Regan turned the disappearance into a grim practical joke. Shortly before he died he buried some bones in a Woolloomooloo house. The whisperings that they may have been the bones of young Karlos brought immediate police response. Regan, however, did not live to revel in his morbid game.
   Regan's biggest blunder was the shooting of SP bookie 'Ratty' Jack dark. dark was having a quiet drink with a few friends when a .38 calibre bullet from a Smith and Wesson smashed through a window and penetrated his skull. The shock waves from Ratty Jack's death sounded throughout Sydney's underworld, where he had friends in high places: though he also had many enemies, he was not a man to be touched - except by somebody with a death wish.
   The feud between Regan and dark had been brewing for some months, dark had a short time before his death spat in Regan's face, calling him a child murderer. People had been saying things of this nature behind Regan's back ever since Karlos disappeared, but only dark was game enough to say it to his face. It proved to be a fatal outburst, for on 23 August 1974 dark fell slowly from his bar stool with a bullet in his head. One month later Regan was to die, at the age of twenty-nine, in a hail of gunfire.
   Most criminals agreed that Regan was 'executed' for the shooting of Ratty Jack, though there were also rumours that his death was connected to his attempt to gain control of gambling clubs in Sydney's midwestern suburbs and inner city areas.
   In the afternoon of 22 September 1974 Regan left his home without the protection of his bulletproof vest. At 6.50 p.m. police responded to a report of shots being fired in Chapel Street, Marrickville. They arrived to find Regan lying in a pool of blood, still alive but incapable of speech.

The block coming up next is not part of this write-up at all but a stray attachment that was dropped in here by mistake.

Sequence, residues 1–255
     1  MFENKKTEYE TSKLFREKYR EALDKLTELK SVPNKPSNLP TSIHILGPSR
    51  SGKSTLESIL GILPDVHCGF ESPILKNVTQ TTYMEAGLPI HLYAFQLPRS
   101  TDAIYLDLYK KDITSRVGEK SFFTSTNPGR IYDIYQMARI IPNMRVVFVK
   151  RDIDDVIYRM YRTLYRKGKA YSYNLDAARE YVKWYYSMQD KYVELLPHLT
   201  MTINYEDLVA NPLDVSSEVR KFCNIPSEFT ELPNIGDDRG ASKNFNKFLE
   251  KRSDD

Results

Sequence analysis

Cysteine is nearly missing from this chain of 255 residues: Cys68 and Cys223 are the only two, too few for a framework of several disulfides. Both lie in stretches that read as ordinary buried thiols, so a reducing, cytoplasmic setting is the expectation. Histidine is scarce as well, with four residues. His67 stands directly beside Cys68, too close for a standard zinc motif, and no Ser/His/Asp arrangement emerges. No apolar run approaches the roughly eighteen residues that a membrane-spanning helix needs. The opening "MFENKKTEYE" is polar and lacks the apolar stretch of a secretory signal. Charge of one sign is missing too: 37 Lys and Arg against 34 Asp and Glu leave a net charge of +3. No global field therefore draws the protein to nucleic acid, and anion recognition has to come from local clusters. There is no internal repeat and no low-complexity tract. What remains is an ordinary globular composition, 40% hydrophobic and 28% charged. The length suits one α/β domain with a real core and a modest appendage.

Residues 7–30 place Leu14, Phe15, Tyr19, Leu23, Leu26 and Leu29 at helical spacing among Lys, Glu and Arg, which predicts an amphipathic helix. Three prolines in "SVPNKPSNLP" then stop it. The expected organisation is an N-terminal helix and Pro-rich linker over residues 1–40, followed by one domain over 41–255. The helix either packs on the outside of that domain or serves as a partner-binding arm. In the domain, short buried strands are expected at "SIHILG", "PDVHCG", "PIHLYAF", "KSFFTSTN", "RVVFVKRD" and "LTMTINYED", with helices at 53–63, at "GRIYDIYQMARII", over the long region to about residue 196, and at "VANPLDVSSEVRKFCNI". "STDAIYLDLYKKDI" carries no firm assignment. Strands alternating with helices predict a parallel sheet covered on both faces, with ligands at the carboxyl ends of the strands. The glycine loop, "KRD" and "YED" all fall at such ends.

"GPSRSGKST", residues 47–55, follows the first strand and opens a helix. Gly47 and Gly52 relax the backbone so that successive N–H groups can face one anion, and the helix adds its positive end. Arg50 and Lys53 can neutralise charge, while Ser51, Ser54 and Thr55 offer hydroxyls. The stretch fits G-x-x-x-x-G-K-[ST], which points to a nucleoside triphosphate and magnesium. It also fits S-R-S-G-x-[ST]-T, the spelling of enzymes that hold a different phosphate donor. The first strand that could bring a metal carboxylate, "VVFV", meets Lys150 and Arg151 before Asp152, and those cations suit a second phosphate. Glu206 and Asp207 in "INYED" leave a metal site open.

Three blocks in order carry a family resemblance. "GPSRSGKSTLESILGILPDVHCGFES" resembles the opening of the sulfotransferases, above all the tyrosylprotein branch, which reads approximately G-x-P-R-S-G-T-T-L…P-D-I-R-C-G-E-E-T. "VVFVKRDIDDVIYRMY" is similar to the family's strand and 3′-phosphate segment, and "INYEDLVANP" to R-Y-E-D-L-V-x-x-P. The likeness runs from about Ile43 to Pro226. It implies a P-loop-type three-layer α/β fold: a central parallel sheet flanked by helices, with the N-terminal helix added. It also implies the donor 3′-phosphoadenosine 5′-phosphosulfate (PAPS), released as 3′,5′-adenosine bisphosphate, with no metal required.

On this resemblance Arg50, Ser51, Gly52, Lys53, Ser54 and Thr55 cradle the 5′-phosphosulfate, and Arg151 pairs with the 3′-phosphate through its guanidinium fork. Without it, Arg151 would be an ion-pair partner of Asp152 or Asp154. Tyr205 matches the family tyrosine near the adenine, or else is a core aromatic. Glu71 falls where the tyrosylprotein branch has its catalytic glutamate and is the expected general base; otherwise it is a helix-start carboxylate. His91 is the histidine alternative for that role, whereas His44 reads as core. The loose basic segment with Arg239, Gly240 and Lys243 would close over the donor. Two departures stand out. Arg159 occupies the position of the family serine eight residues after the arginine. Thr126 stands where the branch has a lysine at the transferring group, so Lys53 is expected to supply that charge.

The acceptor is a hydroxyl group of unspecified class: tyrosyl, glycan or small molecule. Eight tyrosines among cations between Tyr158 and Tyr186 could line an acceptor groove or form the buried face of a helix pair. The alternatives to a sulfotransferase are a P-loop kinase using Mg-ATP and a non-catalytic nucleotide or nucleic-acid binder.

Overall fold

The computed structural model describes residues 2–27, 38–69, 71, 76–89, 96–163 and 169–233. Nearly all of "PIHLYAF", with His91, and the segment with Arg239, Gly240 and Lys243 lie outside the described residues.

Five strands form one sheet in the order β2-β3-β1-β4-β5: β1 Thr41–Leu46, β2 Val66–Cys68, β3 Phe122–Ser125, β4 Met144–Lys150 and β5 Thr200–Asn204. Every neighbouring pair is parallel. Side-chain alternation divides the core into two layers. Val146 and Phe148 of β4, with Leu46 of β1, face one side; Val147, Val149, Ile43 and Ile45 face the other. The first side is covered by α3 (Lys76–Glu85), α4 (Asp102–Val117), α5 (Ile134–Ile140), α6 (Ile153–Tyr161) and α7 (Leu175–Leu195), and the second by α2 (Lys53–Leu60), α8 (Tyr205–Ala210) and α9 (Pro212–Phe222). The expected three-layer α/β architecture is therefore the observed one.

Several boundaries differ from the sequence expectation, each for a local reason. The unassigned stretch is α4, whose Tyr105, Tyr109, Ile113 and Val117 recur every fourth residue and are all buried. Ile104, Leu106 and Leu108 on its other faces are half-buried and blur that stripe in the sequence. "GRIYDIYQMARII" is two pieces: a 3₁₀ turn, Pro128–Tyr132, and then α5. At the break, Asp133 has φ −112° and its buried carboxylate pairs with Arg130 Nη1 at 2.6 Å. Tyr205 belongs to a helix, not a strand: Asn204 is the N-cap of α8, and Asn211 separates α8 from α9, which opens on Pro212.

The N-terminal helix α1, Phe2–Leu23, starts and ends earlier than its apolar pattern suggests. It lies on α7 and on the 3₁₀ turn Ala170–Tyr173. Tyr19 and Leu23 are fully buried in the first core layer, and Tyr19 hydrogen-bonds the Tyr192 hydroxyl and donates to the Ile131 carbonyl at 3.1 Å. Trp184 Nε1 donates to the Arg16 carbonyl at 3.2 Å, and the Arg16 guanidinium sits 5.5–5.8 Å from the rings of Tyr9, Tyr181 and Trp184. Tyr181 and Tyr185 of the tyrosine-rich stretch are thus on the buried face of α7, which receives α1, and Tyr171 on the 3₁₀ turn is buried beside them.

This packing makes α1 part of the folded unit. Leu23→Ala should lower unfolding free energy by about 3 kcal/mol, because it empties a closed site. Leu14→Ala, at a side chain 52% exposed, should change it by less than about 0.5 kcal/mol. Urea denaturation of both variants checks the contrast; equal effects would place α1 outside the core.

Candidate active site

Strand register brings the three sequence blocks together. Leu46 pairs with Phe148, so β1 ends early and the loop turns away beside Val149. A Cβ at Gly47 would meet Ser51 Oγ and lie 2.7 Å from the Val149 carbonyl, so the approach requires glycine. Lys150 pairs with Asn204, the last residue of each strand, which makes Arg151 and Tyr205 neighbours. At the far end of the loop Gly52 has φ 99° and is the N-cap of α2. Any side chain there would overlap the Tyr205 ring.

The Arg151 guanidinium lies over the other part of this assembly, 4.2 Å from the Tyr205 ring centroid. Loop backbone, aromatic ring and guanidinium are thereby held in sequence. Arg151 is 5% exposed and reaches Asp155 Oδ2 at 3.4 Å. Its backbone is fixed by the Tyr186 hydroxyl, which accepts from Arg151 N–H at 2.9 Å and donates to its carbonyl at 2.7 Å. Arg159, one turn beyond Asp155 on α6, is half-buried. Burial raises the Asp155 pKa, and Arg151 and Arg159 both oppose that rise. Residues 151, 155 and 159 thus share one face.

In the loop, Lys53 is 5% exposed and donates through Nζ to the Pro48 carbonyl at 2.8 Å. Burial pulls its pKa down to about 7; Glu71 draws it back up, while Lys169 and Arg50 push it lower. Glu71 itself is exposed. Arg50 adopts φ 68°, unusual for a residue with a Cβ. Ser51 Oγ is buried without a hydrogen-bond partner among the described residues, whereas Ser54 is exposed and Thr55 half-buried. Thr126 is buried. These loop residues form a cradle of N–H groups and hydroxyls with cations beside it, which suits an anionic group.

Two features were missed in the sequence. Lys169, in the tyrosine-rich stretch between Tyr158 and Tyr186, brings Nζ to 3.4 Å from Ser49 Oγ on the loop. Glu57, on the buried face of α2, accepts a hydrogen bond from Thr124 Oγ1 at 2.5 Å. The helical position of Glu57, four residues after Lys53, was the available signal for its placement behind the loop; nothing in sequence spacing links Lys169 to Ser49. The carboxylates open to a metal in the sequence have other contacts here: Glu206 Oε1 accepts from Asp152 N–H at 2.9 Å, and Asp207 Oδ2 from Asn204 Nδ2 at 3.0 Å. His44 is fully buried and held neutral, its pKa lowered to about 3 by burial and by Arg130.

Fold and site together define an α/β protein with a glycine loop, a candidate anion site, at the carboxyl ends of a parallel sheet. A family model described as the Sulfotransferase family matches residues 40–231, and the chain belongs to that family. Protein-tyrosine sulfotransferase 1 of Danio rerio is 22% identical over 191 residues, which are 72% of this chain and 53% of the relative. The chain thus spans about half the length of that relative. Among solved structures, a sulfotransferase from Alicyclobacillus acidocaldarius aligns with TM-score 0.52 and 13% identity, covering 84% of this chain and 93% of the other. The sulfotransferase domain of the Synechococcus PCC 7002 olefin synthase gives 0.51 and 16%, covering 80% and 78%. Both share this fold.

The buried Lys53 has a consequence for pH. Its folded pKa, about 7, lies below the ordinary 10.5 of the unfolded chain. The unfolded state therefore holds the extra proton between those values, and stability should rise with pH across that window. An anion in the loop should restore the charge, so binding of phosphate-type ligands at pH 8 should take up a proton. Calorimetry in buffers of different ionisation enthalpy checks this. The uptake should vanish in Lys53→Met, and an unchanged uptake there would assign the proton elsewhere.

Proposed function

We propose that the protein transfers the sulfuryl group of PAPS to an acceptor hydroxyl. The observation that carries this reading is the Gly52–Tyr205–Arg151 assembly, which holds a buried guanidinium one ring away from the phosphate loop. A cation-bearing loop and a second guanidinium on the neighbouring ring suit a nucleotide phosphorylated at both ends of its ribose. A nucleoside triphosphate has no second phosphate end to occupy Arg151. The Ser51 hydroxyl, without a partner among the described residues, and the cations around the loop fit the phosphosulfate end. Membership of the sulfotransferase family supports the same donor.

The coroner's inquiry found that Regan died from bullet wounds to the head, chest and liver. At least six shots had been fired, from three different .38 calibre revolvers, discharged at a distance of between three and six inches. The whole affair smacked of carelessness on Regan's part, and a well-planned setup on the part of his unknown assailants.
   There were so many people with a motive for killing Regan that police were kept busy for many months interviewing suspects. But all those who had good reason to kill him had ironclad alibis. It seemed that the underworld knew of Regan's impending doom. Some checked into hospitals, others surrendered to police on earlier charges - no one wanted to be out on the streets when John Regan died. Everyone planned their alibis while Regan's killers planned his death.
   The police investigating the murder met a wall of silence from those they interviewed. Predictably, no one was prepared to inform against the killers and meet the same fate as Regan. One detective even had his life threatened. He was told to cease a certain line of inquiries - otherwise he would 'end up the same way as Regan'.
   Regan's death created a vacuum in the underworld that took several months to fill. In that period there were a number of bashings and murders as many fought to take charge of the Regan empire.
   When Regan's death was announced in Long Bay Gaol there was loud cheering from the prisoners. It was typical of the general response to the death of one of the most feared men Sydney has produced.